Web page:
A lot of people have the belief that fish are not intelligent and often fish characters can be portrayed to be forgetful (Dory in Finding Nemo). However, it turns out that is not what has been found in studies. It was found that fish may actually be able to remember things for up to 3-5 months. According to research at Plymouth University "goldfish have a memory span of up to three months - and can even tell the time." This demonstrates the falsifiability principle of scientific thinking. It turns out that fish can even be classically conditioned "Researchers from the Technion Institute of Technology in Israel trained young fish to associate a sound played through a loudspeaker with feeding time. Each time they played a particular sound, the fish would return for food." Those same fish were later released into the wild to develop after a month of training and about 5 months later, the scientists played the sound again and the fish returned. Another example of fish being classically conditioned was training goldfish to press a lever to get food, but the lever would only dispense food during one hour each day. It was found that the goldfish would adapt and learn when to press the lever each day. Furthermore, a whole group would cluster around the lever as feeding time drew closer.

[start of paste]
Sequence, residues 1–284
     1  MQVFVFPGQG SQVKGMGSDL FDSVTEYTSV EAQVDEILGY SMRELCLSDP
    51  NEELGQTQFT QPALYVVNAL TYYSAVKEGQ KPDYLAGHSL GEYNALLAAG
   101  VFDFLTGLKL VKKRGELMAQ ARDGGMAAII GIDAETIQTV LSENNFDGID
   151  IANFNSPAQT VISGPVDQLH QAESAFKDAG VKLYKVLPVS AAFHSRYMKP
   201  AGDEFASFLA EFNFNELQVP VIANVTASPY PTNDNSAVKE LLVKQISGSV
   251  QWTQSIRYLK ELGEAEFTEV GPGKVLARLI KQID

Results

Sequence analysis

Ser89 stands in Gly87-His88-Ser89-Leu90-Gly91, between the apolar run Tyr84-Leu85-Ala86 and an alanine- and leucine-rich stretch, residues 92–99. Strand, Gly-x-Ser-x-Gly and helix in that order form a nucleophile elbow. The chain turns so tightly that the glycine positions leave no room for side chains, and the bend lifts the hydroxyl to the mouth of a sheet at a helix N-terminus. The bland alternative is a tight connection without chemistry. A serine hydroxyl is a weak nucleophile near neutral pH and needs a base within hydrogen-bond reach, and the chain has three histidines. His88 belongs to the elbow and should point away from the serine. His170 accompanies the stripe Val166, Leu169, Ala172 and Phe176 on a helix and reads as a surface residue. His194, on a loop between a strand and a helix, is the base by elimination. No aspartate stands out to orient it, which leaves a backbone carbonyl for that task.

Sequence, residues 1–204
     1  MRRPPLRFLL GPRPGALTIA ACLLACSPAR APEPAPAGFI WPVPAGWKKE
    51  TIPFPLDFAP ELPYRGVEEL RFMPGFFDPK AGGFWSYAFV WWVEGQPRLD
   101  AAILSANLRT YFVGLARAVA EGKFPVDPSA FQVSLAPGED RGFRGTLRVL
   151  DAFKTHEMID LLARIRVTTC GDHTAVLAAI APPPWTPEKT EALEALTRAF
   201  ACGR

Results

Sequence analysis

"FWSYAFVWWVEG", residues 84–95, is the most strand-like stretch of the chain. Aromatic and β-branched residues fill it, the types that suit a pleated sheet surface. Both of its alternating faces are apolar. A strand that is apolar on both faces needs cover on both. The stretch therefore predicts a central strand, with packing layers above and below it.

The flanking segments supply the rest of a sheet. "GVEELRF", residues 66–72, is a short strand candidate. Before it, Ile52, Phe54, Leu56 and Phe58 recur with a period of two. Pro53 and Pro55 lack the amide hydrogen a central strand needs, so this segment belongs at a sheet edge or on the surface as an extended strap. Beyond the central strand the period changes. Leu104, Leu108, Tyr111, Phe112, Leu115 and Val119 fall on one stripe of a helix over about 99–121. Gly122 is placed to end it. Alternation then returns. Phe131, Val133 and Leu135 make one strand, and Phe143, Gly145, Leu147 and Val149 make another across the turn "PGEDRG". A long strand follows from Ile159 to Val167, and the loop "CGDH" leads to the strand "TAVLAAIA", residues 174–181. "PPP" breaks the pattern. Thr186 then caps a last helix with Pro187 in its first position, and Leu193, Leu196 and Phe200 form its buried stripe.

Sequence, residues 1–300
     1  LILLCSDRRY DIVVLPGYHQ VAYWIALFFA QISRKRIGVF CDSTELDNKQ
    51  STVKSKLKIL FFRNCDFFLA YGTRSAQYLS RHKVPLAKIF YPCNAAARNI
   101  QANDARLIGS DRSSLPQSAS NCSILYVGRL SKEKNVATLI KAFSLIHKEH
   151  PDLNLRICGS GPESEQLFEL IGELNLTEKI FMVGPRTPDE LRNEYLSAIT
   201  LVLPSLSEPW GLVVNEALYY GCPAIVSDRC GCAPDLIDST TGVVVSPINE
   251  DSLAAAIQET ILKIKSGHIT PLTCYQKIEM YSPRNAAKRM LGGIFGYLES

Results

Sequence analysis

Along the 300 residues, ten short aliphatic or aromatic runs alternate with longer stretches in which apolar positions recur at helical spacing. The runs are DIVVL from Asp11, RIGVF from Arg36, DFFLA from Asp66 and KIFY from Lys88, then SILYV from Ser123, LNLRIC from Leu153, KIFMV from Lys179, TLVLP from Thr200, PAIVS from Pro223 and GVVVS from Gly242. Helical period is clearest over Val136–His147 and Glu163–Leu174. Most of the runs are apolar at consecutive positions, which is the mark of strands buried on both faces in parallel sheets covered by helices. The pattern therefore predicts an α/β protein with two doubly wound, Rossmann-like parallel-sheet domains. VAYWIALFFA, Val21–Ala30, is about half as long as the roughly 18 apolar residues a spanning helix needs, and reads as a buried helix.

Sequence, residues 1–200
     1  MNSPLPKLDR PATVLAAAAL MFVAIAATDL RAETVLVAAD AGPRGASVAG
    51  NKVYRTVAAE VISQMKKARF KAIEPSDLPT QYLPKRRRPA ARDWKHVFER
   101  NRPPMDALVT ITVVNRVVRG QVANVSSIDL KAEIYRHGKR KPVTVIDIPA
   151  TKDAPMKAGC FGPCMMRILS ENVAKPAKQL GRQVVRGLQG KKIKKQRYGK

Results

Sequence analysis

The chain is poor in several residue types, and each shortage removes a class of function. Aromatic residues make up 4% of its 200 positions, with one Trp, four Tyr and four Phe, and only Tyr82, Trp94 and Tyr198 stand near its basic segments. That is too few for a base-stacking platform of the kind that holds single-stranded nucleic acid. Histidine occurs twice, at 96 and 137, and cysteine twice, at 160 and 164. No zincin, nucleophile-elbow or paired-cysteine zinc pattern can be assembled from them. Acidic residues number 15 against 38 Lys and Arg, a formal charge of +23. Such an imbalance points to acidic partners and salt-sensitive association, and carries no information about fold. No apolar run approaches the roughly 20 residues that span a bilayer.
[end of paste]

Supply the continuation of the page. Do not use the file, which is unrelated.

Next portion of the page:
There were some interesting facts and practical applications found with the study of the memories of fish. It was found by scientists at St. Andrews University in Scotland that minnows are at least as intelligent as rats (that can also be said of sticklebacks and guppies). Also, other studies have shown that goldfish have the ability to learn and remember and that "they outshine trout in intelligence stakes." Lastly, it was found "they can learn their way around mazes, they can learn to recognize other fish, and they can remember which individuals are better competitors." A good application of this find is that the cost of cages, staff, and feeding of the fish would all be cut, along with the impact on the environment. Perhaps this will teach us to not be so quick to underestimate the intelligence of a fellow creature next time.